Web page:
Mike the Infidel www

As a person who accepted Christ as his savior when I was 17, then later became an atheist, I can honestly say that it doesn’t matter to me anymore. The concept of being saved or unsaved doesn’t have any actual meaning for me as an atheist, since it’s purely a Christian idea.

Christians disagree on this question. Some say that if you later become an atheist, then you were only a professing Christian, not an actual Christian – meaning that you talked the talk but didn’t walk the walk. Some say that if you’re saved once, you’re saved forever. Some say that everyone is saved at birth by the gift of God’s grace represented by Jesus’ death. Some don’t believe in hell and think 'being saved’ is a meaningless idea.

Basically, they all make it up as they go, to fit whatever scenario they find most theologically palatable. I’ll leave it to the believers to decide what they think is right, because I think they’re all wrong.

Posted: January 22nd 2010

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Yes, because they never were doomed in the first place.

Posted: January 18th 2010

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Eshu www

On my travels I’ve noticed some Christians who say that anyone who loses their Christian faith was never a “real” Christian in the first place.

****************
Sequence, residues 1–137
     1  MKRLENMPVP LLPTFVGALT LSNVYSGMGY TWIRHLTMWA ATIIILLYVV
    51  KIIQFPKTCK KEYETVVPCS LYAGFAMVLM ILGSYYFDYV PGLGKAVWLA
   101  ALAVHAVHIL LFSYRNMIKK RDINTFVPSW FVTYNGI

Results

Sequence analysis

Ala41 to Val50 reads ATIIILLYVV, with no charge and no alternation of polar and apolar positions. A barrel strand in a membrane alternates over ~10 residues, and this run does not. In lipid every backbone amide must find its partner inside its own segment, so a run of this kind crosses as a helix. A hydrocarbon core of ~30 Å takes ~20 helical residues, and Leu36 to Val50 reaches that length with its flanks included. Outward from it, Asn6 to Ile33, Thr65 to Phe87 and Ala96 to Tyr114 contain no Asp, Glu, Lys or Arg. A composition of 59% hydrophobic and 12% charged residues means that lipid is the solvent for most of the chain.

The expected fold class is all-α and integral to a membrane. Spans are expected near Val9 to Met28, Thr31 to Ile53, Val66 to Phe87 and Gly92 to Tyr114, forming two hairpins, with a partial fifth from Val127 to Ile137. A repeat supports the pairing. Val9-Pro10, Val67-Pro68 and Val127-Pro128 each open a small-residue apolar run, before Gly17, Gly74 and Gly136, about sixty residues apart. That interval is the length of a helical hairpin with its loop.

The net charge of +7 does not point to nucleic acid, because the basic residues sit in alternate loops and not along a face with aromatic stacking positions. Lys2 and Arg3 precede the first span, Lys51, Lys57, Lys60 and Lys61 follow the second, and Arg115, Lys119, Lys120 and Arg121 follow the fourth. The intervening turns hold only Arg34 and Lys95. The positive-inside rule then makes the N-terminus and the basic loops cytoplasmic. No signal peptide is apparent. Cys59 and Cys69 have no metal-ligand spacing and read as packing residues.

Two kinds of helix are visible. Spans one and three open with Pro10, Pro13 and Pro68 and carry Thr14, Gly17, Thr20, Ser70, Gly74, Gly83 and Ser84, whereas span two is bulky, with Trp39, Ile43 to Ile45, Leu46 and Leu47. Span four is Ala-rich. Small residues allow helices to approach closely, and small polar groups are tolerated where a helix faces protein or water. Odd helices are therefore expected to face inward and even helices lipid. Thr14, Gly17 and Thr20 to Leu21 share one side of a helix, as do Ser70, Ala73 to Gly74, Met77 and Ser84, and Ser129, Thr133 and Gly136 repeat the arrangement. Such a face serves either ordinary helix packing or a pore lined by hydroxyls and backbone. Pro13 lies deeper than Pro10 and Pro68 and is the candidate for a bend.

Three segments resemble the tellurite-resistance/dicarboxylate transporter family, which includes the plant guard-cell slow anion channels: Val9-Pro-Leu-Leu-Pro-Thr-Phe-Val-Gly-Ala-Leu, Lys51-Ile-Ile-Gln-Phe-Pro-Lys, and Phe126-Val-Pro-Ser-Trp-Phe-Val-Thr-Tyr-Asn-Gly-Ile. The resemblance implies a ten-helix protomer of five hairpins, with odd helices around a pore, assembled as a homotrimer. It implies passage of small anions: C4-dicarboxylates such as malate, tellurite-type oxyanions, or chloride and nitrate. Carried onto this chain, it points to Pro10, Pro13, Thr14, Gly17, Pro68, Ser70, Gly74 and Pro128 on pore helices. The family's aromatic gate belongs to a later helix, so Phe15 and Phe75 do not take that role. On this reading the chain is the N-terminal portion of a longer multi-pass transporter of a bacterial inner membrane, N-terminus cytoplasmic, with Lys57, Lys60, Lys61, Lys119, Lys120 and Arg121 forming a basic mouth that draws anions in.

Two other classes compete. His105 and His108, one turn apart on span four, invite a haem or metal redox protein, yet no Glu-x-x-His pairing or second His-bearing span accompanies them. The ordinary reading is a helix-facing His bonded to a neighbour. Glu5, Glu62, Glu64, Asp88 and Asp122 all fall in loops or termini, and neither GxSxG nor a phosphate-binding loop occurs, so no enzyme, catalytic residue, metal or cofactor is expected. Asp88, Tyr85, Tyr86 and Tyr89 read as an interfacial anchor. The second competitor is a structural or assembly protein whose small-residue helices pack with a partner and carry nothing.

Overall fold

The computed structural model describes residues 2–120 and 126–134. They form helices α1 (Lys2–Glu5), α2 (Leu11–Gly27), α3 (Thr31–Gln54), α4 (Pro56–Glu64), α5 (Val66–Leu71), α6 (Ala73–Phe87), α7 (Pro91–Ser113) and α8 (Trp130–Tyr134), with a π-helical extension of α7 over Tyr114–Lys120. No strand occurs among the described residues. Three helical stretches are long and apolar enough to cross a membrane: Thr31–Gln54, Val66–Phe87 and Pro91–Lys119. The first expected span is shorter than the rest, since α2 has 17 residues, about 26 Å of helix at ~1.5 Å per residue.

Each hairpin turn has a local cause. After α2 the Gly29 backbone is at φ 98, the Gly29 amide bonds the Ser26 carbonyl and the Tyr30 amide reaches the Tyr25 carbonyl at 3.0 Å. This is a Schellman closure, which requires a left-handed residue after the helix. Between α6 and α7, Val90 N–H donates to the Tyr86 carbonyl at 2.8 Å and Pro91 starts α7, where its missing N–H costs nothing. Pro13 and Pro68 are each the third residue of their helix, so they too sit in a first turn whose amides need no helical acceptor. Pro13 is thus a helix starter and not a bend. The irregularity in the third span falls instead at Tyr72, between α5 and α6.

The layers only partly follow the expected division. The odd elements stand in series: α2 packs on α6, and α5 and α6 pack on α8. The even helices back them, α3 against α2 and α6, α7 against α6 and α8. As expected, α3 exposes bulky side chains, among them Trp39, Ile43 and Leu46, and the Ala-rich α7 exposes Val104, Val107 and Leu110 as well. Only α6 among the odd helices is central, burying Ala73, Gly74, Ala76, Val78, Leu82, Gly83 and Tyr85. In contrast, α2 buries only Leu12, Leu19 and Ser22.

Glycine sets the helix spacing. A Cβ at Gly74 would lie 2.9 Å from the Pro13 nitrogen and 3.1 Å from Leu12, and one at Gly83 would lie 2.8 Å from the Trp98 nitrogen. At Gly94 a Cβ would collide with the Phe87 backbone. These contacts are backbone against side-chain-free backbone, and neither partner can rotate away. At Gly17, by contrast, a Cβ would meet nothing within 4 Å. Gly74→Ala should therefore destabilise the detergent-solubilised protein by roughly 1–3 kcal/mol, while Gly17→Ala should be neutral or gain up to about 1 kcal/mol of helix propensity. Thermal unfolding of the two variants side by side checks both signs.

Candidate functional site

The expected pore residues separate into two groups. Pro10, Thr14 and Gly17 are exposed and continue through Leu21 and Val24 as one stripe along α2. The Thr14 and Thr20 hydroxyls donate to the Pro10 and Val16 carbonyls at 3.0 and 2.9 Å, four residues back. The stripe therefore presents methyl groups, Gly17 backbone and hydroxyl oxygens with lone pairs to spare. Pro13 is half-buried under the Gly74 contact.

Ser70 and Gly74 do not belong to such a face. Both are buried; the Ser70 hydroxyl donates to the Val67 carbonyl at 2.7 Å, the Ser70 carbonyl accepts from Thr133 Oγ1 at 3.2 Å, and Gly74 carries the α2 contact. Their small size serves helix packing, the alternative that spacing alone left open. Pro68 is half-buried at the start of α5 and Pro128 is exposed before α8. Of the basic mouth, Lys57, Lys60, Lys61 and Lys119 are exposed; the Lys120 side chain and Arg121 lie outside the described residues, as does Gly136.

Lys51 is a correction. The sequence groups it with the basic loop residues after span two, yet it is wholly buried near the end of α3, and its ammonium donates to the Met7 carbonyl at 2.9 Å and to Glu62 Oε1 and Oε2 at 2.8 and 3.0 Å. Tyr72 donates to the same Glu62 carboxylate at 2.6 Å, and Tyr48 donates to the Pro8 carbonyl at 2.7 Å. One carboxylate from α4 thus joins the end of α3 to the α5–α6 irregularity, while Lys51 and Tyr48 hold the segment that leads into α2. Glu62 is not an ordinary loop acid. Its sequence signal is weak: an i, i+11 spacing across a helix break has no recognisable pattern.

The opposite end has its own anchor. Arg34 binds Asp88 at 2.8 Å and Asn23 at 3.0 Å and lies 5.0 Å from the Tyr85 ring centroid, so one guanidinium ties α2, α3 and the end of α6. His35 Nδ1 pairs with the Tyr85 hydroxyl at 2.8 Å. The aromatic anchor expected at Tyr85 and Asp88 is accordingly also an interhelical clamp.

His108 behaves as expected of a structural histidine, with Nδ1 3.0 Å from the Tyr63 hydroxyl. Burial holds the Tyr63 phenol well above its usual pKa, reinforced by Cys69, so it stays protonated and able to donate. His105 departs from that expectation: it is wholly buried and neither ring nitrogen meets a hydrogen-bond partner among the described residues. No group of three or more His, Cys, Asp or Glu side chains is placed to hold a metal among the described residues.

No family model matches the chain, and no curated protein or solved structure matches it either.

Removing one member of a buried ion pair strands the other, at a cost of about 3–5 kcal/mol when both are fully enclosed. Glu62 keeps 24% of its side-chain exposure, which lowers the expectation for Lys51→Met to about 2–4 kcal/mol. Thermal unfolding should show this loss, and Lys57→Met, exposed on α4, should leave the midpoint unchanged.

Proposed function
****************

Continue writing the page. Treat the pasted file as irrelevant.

The startling implication is that there’s no other way to tell if a person is a real Christian. If there was – say missionary work, regular church attendance, personal sacrifice – then we’d surely find plenty of counter-examples that would blow the original claim out of the water.

I think this claim arises from a desperate need to ensure the Bible can’t be proved false.

Posted: January 18th 2010

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That’s a Christian theological question. Why would you ask atheists about it?

Posted: January 17th 2010

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brian thomson www

You could call this a kind of “deathbed de-conversion” and if so, do you consider “deathbed conversion” valid? This is the idea that you can spend your life doing anything, but be “saved” at the last minute by saying certain words. (Some Christians do, including those who claim Charles Darwin had one – a claim that is unsupported.) Do you believe that a conversion – or de-conversion – can wipe out past thoughts and deeds?

On the other hand, I have a hypothesis that actions are more important than words, regardless of one’s “state”. If I’m going to face any kind of “judgement” after my death, the “judge” will be more interested in what I did, and less interested in what I said. This makes the notion of being “saved” rather pointless, in my opinion.

To be fair – you didn’t really expect atheists to buy in to the concept of being “saved”, did you? ;-)

Posted: January 17th 2010

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SmartLX www

I’m gonna say no, according to Christian doctrine, because you need to stay “saved” right up until you die for it to count for anything. I’d say an evangelical would tell you that if you later became an atheist, you were never “truly” “saved”.

Posted: January 16th 2010

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